Sharing Economy

Rental Car Companies Collect $4 Billion in Special Treatment While Complaining That Their Competitors Get Special Treatment

Now those companies are asking state lawmakers to ban or cripple potential competition from car-sharing programs.

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State governments grant rental car companies special favors worth billions of dollars each year. Now those same companies are asking for one more: regulations to cripple potential competitors.

Ohio, for example, passed a law in July to tax and regulate car-sharing businesses like Turo and GetAround—sort of an Airbnb for your car. These peer-to-peer services let individuals browse a website or mobile app and select which car they want to rent, at a price and duration determined by the vehicle's owner. Like Airbnb, Turo and GetAround simply facilitate the transaction and take a percentage of the fee paid by the renter.

The rise of these alternative markets worries traditional rental car companies. As Reason reported in 2018, Enterprise Rent-A-Car and the American Car Rental Association, an industry group, have been pushing state lawmakers to curb the growth of peer-to-peer rental platforms. Usually they do this by arguing that it's only fair to treat all rental car platforms the same.

Hence the law passed in Ohio.

"This effort is all about parity and fairness, in Ohio and every other state," said Ray Wagner, senior vice president of government and public affairs for Enterprise Holdings, which also owns the Alamo and National rental car brands, in a statement about the passage of Ohio's new law.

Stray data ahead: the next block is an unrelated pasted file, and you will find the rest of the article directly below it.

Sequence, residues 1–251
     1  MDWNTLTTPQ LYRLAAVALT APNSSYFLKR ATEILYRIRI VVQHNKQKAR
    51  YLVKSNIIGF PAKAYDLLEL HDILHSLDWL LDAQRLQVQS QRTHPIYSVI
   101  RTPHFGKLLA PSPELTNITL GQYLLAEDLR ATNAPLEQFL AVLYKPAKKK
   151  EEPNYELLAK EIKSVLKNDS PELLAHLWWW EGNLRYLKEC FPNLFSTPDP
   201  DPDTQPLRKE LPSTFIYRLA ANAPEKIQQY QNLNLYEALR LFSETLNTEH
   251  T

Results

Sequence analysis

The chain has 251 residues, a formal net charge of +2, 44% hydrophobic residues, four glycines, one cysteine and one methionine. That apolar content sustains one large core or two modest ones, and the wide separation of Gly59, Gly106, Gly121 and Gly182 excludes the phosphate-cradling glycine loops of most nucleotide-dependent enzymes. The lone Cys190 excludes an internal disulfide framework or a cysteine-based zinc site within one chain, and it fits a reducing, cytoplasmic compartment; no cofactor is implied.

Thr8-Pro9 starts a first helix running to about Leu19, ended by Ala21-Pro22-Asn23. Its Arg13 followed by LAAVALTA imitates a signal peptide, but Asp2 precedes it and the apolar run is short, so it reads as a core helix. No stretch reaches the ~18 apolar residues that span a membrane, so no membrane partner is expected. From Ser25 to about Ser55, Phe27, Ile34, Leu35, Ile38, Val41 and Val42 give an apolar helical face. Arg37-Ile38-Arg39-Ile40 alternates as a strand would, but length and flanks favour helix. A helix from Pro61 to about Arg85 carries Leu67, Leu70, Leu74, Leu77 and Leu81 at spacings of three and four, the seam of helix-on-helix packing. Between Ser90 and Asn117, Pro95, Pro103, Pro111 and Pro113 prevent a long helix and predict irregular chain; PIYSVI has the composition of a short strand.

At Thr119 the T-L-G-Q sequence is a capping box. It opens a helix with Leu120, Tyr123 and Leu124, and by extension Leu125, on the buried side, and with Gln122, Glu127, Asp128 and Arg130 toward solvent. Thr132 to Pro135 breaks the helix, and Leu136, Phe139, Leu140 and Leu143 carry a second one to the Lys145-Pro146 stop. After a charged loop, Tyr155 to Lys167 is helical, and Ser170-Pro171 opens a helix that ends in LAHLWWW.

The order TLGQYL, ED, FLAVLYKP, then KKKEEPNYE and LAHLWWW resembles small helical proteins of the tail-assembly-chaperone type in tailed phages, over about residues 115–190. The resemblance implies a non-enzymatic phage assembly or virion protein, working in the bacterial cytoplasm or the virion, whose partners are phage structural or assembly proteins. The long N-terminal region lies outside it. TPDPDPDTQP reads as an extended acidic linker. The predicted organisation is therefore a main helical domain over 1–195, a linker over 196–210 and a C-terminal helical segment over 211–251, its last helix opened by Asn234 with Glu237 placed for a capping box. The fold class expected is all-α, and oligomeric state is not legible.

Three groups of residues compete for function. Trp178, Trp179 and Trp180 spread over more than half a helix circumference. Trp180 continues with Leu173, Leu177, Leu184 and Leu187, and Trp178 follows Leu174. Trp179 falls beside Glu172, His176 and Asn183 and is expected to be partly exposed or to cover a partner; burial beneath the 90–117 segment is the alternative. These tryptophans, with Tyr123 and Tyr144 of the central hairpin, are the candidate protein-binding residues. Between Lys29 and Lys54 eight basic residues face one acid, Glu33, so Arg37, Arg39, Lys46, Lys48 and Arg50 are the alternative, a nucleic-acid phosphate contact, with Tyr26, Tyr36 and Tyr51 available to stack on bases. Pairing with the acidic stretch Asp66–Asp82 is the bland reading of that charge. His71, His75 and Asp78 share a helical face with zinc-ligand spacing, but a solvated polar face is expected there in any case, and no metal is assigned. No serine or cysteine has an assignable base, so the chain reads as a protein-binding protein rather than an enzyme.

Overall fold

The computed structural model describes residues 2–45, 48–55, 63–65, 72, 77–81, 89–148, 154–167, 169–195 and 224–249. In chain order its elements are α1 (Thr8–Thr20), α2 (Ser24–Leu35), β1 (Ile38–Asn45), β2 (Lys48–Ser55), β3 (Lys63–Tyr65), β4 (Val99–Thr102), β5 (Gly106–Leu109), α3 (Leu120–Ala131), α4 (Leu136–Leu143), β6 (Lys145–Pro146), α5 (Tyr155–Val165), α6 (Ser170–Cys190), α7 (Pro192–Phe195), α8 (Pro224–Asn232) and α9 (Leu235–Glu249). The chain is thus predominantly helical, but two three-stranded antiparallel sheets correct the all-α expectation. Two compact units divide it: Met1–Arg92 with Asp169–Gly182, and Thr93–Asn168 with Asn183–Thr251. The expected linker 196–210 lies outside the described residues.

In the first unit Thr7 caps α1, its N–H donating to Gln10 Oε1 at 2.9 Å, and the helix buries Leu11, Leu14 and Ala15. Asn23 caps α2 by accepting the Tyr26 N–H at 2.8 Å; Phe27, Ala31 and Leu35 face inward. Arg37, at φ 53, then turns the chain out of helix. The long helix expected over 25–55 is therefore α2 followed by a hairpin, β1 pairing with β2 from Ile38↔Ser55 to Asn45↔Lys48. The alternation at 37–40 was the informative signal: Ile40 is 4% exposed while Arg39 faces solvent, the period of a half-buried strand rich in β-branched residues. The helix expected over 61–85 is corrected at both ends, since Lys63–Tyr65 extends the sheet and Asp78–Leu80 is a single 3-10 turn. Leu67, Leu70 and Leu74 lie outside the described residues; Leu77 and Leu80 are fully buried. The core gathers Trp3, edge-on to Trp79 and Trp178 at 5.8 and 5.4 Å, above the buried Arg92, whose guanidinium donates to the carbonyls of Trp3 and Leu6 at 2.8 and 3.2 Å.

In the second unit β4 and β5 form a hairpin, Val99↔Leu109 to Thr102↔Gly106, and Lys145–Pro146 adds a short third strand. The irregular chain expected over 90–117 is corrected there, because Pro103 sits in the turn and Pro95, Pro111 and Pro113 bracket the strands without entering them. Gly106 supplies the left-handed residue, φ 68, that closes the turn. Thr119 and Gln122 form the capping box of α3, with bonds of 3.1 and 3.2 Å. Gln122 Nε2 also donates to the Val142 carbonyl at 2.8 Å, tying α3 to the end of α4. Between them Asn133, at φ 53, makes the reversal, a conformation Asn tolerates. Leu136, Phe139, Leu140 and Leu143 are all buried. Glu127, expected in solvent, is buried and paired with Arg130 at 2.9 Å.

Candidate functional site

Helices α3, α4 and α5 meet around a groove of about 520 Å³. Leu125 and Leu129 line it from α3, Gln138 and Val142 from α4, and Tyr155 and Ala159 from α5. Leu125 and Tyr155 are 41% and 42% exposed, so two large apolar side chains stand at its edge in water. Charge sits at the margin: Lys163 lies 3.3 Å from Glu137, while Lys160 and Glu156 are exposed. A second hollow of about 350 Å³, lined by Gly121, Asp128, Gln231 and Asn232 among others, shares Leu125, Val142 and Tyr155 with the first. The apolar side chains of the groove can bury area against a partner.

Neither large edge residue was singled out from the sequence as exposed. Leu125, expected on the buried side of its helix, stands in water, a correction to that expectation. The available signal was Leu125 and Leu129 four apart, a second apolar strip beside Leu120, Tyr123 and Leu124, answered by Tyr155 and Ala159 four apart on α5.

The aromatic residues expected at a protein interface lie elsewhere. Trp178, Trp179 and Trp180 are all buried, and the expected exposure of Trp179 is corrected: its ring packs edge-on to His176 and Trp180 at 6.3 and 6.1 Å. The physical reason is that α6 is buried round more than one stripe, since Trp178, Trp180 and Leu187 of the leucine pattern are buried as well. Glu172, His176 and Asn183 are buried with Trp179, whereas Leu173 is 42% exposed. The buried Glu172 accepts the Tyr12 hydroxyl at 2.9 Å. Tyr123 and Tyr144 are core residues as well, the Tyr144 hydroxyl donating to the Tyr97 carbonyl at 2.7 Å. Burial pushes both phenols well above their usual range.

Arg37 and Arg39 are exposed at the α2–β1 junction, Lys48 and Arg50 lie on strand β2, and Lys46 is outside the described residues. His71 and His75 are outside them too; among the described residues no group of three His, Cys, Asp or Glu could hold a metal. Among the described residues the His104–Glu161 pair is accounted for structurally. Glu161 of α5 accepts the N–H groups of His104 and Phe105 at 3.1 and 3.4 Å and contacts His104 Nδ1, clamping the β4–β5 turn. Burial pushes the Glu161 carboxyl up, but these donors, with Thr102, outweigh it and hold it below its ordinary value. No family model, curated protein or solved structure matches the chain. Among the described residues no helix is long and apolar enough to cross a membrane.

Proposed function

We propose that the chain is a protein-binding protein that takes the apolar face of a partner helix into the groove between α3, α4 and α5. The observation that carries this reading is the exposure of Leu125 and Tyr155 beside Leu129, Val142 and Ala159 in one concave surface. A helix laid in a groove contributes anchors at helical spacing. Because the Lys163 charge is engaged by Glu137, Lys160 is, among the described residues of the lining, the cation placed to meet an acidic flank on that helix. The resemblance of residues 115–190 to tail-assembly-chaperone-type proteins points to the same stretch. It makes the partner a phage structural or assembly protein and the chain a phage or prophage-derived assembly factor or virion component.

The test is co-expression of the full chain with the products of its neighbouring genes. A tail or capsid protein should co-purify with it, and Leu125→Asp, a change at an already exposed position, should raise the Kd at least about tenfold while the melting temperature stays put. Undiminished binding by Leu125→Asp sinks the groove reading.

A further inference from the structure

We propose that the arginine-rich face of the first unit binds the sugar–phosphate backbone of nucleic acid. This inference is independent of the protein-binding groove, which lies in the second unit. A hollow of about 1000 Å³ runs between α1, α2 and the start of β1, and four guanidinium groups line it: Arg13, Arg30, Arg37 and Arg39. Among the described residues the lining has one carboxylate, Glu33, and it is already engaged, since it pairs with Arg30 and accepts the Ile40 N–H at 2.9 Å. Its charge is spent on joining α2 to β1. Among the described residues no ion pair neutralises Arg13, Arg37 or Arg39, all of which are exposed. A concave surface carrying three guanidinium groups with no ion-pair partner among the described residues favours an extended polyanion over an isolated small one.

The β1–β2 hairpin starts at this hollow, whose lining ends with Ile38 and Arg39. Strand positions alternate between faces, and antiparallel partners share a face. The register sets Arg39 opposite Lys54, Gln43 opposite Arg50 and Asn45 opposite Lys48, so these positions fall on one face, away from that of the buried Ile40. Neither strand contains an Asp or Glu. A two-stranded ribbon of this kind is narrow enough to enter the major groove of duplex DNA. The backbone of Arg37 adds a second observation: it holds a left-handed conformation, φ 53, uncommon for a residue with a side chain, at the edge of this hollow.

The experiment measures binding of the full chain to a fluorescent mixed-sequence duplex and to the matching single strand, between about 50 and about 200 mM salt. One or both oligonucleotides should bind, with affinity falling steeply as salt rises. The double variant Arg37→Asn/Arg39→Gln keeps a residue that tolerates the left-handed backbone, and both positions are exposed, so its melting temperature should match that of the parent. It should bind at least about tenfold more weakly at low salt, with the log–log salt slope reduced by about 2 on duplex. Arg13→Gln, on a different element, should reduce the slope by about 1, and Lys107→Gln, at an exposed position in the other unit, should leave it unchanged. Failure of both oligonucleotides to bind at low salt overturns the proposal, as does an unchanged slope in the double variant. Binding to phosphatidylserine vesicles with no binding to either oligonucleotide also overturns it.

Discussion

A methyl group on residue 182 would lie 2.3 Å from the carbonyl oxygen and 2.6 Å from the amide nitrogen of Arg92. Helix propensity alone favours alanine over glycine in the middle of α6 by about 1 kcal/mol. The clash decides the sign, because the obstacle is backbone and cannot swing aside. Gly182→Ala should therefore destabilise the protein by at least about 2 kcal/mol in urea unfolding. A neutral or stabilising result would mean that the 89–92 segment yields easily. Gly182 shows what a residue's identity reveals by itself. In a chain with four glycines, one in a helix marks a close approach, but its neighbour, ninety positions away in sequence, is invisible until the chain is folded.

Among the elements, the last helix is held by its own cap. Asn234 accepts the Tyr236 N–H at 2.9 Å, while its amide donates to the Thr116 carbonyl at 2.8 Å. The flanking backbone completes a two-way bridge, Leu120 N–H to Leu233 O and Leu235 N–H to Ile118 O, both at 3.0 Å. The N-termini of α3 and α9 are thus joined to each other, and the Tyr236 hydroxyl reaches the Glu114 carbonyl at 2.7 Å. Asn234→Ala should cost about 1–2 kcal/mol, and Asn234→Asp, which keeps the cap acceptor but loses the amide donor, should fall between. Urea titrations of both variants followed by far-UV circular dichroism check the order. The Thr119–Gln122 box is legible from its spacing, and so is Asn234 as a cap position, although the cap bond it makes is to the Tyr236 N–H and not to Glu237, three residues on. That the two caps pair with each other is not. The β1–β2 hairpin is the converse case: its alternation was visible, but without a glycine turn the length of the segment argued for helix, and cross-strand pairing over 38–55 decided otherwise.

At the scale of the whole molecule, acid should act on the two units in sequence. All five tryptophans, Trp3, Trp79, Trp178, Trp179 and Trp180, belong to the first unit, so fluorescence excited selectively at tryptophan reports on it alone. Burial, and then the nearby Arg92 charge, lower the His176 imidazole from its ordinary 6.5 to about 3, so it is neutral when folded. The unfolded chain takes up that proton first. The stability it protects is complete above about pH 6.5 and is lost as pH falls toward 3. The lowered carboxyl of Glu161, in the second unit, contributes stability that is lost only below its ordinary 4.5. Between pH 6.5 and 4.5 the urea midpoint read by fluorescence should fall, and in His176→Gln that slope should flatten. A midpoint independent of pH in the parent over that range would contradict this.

"It just doesn't make sense for one section of this industry to benefit from loopholes and special carve-outs," he added.

That's true. But traditional rental car companies benefit from more than $4 billion in annual tax breaks and subsidies from state governments—thanks to "loopholes and special carve-outs" that aren't available to the newfangled peer-to-peer rental platforms.

The biggest of those loopholes is the simple fact that rental car companies are exempt from paying sales tax when they buy new vehicles. According to a report published this week by NetChoice, that sale tax exemption saved rental car companies more than $3.5 billion last year. In California, where other residents have to pay a 7.25 percent tax on the price of a new car, that tax break saved rental car companies more than $676 million in 2019.

That sweet deal isn't available to users of Turo or GetAround. Good luck telling your state that the reason you didn't pay your vehicle sales tax bill is because you plan to rent the car as a side hustle.

"State governments hand out billions to companies like Enterprise and Hertz, providing them an unfair advantage over competitors, like peer-to-peer car-sharing services," says Steve DelBianco, NetChoice's president.

The NetChoice report also examines the so-called "vehicle license fees" tacked onto the cost of renting a car through traditional platforms such as Enterprise or Hertz. Consumers probably don't think about that fee as anything different than a tax—but in reality, it simply provides additional revenue for the rental car platform and does not go to local or state governments.